Why I Love Jury Duty (& Port Washington, Wisconsin)
Harbor and Lakeside Houses in Port Washington Wisconsin

I was sitting at a restaurant with my coworkers when I received the dreaded news from my mom via text: I had been summoned for jury duty. My first thought was how do I get out of jury duty? I read through the summons over and over, trying to find a way out. In failing to do so, I gave a second thought to my obligation. I considered all the positive things about committing a week of my life to serving my country and ended up coming away feeling fulfilled. This is why I love jury duty (and spending it in one of my favorite Wisconsin towns, Port Washington)!

Some Good Things About Jury Duty:

  • Jurors chosen for the trial do receive compensation, which is small, but better than nothing.
  • Working on jury duty gives the eyes a nice break from staring at computer screens all day.
  • The courthouse may be in a cool town to explore after “work” (Port Washington for me)!
  • Serving on a jury offers a new way to participate in democracy beyond voting.

What Happens During Jury Duty?

Thankfully for those who live in less-populated counties, being on-call for a week of jury duty rarely means you will end up having to serve the entire time. I was only required to show up on Thursday and I think that one full day of service was just the right amount of time for my first jury duty experience. While we were given permission by the judge to discuss the case we oversaw after the verdict was delivered, I’ll spare those details for the sake of focusing on what I loved about my jury duty experience instead.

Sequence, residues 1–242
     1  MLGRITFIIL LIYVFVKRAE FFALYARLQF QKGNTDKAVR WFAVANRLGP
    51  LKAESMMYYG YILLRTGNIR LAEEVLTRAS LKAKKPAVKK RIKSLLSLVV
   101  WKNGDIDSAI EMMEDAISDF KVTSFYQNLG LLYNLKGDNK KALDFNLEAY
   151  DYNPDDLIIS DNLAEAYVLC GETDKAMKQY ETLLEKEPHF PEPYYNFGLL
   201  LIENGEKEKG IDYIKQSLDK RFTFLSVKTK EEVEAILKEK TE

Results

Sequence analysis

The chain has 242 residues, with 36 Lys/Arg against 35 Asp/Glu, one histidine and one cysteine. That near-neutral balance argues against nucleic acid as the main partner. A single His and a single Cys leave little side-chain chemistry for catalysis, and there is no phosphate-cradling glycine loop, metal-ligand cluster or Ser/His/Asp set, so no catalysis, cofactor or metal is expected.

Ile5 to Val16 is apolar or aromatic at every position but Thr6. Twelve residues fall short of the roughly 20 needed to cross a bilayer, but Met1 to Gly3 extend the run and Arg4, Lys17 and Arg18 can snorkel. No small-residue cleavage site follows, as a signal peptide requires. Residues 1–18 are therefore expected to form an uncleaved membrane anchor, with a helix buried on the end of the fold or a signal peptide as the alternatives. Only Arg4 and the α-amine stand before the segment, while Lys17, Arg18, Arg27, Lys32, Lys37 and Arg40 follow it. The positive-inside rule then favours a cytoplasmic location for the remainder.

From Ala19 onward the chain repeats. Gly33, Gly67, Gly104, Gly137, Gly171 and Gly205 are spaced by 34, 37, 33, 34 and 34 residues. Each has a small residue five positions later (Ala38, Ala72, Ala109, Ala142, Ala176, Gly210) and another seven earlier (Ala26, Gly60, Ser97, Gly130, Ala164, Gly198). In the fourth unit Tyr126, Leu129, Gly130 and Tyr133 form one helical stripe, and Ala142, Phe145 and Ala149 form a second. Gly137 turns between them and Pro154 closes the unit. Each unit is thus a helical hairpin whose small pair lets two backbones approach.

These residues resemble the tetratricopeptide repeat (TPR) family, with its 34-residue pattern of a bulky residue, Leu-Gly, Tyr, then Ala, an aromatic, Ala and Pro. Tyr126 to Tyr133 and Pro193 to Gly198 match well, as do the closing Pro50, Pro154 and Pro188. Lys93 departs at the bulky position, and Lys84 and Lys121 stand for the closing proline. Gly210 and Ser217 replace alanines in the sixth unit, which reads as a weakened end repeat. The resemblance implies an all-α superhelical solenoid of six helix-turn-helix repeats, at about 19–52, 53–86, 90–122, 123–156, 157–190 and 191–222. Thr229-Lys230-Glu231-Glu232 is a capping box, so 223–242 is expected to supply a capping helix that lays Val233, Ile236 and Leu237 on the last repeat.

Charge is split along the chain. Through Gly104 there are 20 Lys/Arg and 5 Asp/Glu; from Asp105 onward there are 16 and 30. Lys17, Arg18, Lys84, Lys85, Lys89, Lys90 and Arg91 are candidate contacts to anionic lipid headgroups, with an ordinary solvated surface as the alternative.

On the first day of jury duty, all scheduled jurors report to the courthouse. There, they are given a brief overview of what the day or week will look like and may watch a short video with more information. While many potential jurors will be present at the start of the day, only twelve will be selected to serve on the jury. When the court is ready, the potential jurors will be invited in and asked questions by both the prosecution and defense, who can each have a certain number of jurors removed. This could be due to a bias the juror might have in the case that prevents them from being impartial. The trial begins once the twelve jurors are selected. I made the cut!